RENO, Nev. — Housing needs in Northern Nevada dominated economic discussions in 2017, as job growth spurred population growth, increasing demand for housing — which increased housing prices because of low inventories.
That discussion is likely to continue this year, even as the pace of residential development slowly increases. But demand continues to outpace supply.
Permits for single-family homes in Washoe County have climbed from 1,226 issued in 2014, to 1,938 in 2016, according to reports from the Reno-Sparks Association of Realtors. The median price of those homes has increased from $262,000 to $355,000 in the same years, pushing more working-class families out of the market.
Apartment rents climbed 6.2 percent from 2016 to 2017, with median rent for a one-bedroom apartment running $860, according to a recent report from Apartment List. However, month-to-month, apartment rates have declined slightly by 0.1 percent.
As such, relief is on the horizon, industry officials told the Northern Nevada Business Weekly.
While numerous housing projects, including single-family homes, townhomes and apartments, are under construction, many more are awaiting approval.
“Those (awaiting approval) are still speculative, just getting going on the entitlement process,” said Aaron West, CEO of Nevada Builders Alliance, adding that it will take two to three years before construction actually begins on proposed projects.
Banking on private investment
Many factors are slowing the process and increasing expenses for developers across Northern Nevada, which in turn increases the cost to consumers.
Trade tariffs on construction materials, such as wood products from Canada and others from China, drive up the cost of materials. A shortage of skilled construction workers drives up payrolls. The decreasing inventory of construction-ready land raises land prices and costs to build infrastructure.
Plus, in the post-recession economy, developers have higher hurdles to jump to secure loans for their projects.
“It’s unlike previous cycles, where developers could see demand, get title on a property and go to a lender,” West said, pointing to the changes by the Dodd-Frank Wall Street Reform and Consumer Protection Act of 2010. “There are no banks I’m seeing that will loan for acquisition of land then lend (again) on the cost to getting it shovel ready.
“Private money is going to make it happen.”
One project awaiting approval with private funds is StoneGate Master Planning Community, a proposed development off U.S. Highway 395 just south of the California border.
The 1,737-acre project would ultimately include 3,755 single-family homes and 1,245 units of multifamily products, including condos and apartments. Besides homes, it would include common areas, parks, trails, open space, a fire station and land set aside for three public schools. On the other side of Highway 395, plans include a retail center.
It won’t happen fast. Build-out is expected to take at least 10 years. The developers purchased the property three years ago and are still going through the approval process with the city of Reno.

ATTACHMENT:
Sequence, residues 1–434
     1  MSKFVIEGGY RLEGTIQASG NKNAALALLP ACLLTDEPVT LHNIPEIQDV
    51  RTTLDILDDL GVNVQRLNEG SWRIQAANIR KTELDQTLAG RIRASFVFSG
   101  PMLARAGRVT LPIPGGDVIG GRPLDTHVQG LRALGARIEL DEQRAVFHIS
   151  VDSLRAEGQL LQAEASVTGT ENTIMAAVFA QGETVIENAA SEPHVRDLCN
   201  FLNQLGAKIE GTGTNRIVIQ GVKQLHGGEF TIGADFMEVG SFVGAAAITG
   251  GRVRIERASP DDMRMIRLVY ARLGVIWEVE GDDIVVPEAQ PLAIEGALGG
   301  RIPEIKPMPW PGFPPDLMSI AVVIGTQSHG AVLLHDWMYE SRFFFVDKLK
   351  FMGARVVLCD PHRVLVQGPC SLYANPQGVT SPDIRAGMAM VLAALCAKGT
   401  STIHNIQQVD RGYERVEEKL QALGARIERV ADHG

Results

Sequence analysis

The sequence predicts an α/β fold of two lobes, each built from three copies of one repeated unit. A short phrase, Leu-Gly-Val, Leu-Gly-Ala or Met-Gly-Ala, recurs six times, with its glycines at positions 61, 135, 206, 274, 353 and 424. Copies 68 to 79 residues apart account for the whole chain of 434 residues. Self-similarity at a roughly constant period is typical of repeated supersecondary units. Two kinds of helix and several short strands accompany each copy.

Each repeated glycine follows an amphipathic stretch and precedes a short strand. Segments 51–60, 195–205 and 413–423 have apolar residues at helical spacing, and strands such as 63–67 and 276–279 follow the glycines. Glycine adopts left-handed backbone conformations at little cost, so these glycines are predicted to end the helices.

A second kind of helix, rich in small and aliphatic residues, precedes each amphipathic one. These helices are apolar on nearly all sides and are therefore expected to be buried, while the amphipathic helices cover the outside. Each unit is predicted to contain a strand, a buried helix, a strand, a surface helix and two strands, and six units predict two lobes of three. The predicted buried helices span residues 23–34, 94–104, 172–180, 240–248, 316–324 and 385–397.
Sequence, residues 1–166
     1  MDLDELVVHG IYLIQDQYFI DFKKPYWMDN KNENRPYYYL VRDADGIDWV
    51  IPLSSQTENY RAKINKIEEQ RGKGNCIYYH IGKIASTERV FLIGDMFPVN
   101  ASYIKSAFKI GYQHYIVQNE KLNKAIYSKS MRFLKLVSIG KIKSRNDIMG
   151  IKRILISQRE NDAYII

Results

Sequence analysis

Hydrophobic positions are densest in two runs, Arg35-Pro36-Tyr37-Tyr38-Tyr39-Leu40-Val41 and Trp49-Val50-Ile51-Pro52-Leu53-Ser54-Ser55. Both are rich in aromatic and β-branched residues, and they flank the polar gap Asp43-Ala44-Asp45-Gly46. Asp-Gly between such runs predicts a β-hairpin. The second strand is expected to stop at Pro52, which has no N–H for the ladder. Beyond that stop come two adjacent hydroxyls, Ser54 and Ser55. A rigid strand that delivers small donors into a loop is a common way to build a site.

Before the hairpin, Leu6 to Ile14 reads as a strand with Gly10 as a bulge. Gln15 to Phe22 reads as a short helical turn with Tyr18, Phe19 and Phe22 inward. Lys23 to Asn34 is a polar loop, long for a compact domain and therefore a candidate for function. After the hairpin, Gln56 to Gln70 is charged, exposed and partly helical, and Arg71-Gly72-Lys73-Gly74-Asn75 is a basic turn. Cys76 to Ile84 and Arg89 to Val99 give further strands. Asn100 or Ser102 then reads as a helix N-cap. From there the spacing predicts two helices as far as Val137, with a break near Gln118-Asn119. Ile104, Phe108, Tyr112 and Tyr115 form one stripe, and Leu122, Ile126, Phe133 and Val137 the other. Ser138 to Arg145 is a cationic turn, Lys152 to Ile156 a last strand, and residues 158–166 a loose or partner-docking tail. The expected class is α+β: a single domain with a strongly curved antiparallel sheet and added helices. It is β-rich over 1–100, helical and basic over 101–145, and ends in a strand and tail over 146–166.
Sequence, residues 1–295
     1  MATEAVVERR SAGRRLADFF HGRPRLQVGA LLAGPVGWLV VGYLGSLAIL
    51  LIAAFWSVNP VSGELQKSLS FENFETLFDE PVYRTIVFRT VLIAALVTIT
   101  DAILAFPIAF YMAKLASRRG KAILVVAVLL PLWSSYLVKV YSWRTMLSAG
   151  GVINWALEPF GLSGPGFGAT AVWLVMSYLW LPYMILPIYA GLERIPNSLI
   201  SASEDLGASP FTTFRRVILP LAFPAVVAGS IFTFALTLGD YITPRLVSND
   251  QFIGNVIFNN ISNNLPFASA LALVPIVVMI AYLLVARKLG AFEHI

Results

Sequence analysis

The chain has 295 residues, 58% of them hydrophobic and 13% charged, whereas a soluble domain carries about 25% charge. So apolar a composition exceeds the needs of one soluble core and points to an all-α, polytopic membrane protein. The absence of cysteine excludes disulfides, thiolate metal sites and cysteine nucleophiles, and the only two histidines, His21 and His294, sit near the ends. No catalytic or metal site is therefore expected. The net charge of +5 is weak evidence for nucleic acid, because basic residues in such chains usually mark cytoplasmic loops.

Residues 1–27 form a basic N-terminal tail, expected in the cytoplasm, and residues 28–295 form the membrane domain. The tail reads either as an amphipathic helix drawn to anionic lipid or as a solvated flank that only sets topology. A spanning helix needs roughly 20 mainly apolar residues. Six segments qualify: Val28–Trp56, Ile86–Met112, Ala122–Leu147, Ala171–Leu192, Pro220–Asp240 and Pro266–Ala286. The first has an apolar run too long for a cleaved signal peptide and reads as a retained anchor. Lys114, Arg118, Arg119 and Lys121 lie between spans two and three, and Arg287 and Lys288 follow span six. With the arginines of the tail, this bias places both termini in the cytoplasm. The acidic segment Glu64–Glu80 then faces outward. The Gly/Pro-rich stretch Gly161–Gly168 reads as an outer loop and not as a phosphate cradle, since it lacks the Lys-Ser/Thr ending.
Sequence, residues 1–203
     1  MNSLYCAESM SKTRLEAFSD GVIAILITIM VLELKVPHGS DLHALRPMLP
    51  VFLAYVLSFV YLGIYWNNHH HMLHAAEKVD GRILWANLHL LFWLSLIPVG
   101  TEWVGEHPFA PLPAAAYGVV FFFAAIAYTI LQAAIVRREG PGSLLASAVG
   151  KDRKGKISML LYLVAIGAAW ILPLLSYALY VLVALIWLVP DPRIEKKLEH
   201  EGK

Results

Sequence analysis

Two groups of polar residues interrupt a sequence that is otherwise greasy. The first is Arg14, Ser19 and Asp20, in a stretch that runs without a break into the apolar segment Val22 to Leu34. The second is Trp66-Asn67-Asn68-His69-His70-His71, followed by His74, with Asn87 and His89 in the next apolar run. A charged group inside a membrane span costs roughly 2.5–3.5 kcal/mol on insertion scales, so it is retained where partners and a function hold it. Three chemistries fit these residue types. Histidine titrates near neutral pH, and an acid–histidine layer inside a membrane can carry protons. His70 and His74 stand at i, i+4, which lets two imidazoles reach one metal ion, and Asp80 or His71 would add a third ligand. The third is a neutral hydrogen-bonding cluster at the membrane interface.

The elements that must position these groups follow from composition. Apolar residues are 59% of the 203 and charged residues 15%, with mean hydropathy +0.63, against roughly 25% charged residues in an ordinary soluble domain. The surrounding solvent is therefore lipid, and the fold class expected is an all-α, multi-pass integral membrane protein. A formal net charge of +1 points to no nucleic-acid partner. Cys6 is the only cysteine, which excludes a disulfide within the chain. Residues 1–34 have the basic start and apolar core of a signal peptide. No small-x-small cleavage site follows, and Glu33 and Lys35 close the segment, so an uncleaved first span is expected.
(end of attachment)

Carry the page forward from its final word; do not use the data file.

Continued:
The first home is not expected to go on the market until 2020, managing member Michael Barnes said. That’s five years from land acquisition to the first home.
Donald Pattalock, also a managing partner, pointed out that Reno’s Caughlin Ranch was approved in the 1980s, and they’re still building.
“Five thousand units, they don’t show up over night,” he said.
Extending and enlarging utility lines, which are accessible on the fringes of the property, will cost investors $20 million to $25 million. Total infrastructure improvements, including roads and an interchange from the freeway, are estimated at $300 million-plus.
The complete project will cost an estimated $2 billion.
“All the costs are born by developers (not taxpayers),” Barnes said.
Growing ‘to the north’
StoneGate is being funded by family-owned Cambay Group investors, which began 150 years ago in England. Its U.S. base is in Walnut Creek, Calif.
“We’re extremely fortunate to have Cambay as partners,” Pattalock said. “It’s a huge investment with a tremendous amount of risk. We have no entitlement. … We have a lot of sleepless nights.”
Despite the perception that it’s “way up north,” Pattalock said the property is just 13 minutes from downtown on Highway 395. It has easier access than Spanish Springs — another hot area for housing development that relies on surface arteries like Pyramid Highway for access.
“If the city is going to grow, it’s going to be to the north,” Pattalock said. “From 2005 to now, it’s just now becoming practical to develop. It’s the last of the easy dirt.
“Growth drives improvements. The city decides where growth should take place.”
The farther away from the heart of Reno and Sparks, the better land prices are, which allows developers to sell homes at lower prices. StoneGate homes are expected to sell in the mid to high $200,000s — in range of more working-class families.
As such, the real-estate adage, “drive to qualify,” still holds true in the region.
With lower construction costs, developers are looking to areas such as Cold Springs, Fallon, Fernley, Dayton and even Carson City, where several new, more attainable developments are ready to break ground. With USA Parkway now connecting Tahoe Reno Industrial Center and Silver Springs, development is expected to increase in that area.
The demand for housing in the region is creating conditions that also draw the attention of national developers and investors.
“We’re seeing, because of the activity in the market, that we’ve started to show up on the radar for larger developers that haven’t traditionally been in our market,” NBA’s West said. “The big guys, they’re rolling in with lots of private capital.”